What is the promise of God we hear from all of this, standing where we stand in our society today? Does it make us hopeful? It should!  Does it make us quake in our boots a bit?  It should!  What power do we feel moving – can we trace that back to God?

For my own part, some of you may know that just over a week ago I had my purse and computer stolen out of my office here at the churchwhile I was momentarily down the hall in Deb’s office.  By the current standards of our world this was a case of a bad guy victimizing at good guy.  But with the eyes of my faith enlightened by the poetry and song of Isaiah and Mary, for me this week, I hear this crime longing to be turned inside out – to be recognized as a harbinger of a turning tide toward hope.  The Magnificat and Isaiah 61 seek to get us to look past what is to what God is willing into being.  And so, then this crime seeks to move me from the spot of feeling like the victim of someone else’s wrong doing,  to instead catching sight of a place in which the sharing of God’s abundance will lead to very different interactions among people - black and white, rich and poor.

The morning of the burglary of my office, Ollie and I were able to track my purse because my iphone was in it and I have “track my iphone” enabled – if you have an iphone enable it!  So we could see on the GPS map that my phone was across town. We called the police who came and took us to that location where we were able to reclaim my purse and all its contents as whoever took them had put them in a recycle bin at the end of someone’s driveway.  But before we got the purse back, as we were riding across town I was talking to  one of the officers and found that he has been on the police force here for 17 years.  He put me very much at ease, and I felt a great deal of gratitude for his presence with us.  At the same time, while we were riding along,  I got an up close look at his gun in his holster, and in those moments I was jolted to the certainty that nothing that I had lost materially was worth anyone getting hurt to have it returned.  It just put me back in mind of how sad it is that our world requires men and women of law enforcement to carry deadly weapons every day- putting themselves and others at risk – in order to enforce societal security that really does not provide security for anyone ultimately.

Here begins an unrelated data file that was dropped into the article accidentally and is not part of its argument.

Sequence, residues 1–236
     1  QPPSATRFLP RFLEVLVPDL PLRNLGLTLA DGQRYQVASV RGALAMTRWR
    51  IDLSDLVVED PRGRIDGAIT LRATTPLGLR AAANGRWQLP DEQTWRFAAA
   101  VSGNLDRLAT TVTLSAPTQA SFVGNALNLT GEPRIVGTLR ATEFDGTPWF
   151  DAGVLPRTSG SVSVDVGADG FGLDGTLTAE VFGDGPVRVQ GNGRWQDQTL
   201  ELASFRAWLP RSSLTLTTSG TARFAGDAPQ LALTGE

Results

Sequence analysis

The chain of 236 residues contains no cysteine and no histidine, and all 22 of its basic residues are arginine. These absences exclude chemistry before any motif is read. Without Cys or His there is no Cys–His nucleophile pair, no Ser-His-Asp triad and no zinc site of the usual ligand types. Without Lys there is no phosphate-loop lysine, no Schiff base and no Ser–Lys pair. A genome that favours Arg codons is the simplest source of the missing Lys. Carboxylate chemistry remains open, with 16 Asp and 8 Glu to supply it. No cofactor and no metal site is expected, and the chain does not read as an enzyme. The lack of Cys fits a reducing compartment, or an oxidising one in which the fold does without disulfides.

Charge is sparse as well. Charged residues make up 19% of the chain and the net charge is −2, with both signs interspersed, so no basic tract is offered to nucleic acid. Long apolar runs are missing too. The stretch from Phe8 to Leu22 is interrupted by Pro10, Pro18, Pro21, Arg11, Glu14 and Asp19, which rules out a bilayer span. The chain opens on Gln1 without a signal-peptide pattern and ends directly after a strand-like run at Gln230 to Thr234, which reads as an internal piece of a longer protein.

Please understand that I know that law enforcement is necessary.  In fact before seminary I served as a probation officer for 4 years. It’s just that so often stories of law enforcement and crime and punishment in our society are told in a way that only requires one party involved to stand to accountability.  This burglary of my office has been a stark reminder to me that in our society there are many who do not have what they need to lead lives of dignity and security.  Our system of creating a sense of security and comfort for some while others suffer in destitution and daily insecurity is a system that we all need to be held accountable for.  Until we do we will continue to need weapons of deadly force to preserve the illusion of security for ourselves.

That I believe is the hard truth that is being revealed to us once again through the recent events surrounding the Ferguson Grand Jury decision.  It is actually a relief to me to see people taking to the streets calling for change.  I hear echoes of Mary and Isaiah in their chants and cries.  The crowd of protestors that marched across the Boston Common last weekend. during the annual lighting of the Christmas tree reminded me of Mary and her song of holy disruption.  The protestors and the mother of God make it plain that something new is happening – a new order is gestating and holding it back is kind of like trying not to give birth when the baby is ready to be born.  People went out from Jerusalem to John and tried to get him to say what he thought gave him the right to do what he was doing.  One is coming who is greater than I – is already here but you do not know him he said.  Change is coming!

If we are people of God with Isaiah, Mary and John – and clearly we are for we proclaim their words this morning to be God’s words – what are we called to do in response in this time and moment?  How are we to cooperate with the turning inside out of the structures of our society that keep some in destitution for the benefit of our comfort?  What Mary observes as happening in her song is a leveling of the playing field.  God is lifting up the poor and the lowly and taking away the elevated position of the rich and the proud.  It looks to me like God’s reality is on in which we live in relationships with one another that don’t have to be maintained with firearms. Can we hear the hope in this? Dare we?